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News From the Centers for Disease Control and Prevention
September 18, 2013

HEV Is Implicated in South Sudan Acute Jaundice Syndrome Cases

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Copyright 2013 American Medical Association. All Rights Reserved. Applicable FARS/DFARS Restrictions Apply to Government Use.

JAMA. 2013;310(11):1115. doi:10.1001/jama.2013.276922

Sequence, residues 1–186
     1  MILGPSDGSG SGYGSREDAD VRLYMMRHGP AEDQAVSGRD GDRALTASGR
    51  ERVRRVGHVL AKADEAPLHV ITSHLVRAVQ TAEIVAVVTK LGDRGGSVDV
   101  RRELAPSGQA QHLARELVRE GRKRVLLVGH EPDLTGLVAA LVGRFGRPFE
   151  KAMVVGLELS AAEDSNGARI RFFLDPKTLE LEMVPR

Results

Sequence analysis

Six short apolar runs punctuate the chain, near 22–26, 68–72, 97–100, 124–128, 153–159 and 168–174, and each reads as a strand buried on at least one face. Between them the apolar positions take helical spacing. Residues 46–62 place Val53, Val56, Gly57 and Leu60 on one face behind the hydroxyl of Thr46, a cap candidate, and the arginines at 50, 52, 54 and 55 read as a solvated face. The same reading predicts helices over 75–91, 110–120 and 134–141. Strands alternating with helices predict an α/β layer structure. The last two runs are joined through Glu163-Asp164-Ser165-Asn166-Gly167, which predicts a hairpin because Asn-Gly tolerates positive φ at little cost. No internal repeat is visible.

Some 5000 cases of acute jaundice syndrome reported since July 2012 in 4 South Sudan refugee camps have been attributed to hepatitis E virus (HEV) infection.

Many of the refugees had fled armed violence in Sudan only to arrive at the camps in late 2011 as heavy rains and flooding set in. Conditions in the camps created an acute humanitarian emergency in which diarrheal disease was a leading cause of sickness and death. Transmission of HEV is fecal-oral, with an incubation period of 2 to 8 weeks.

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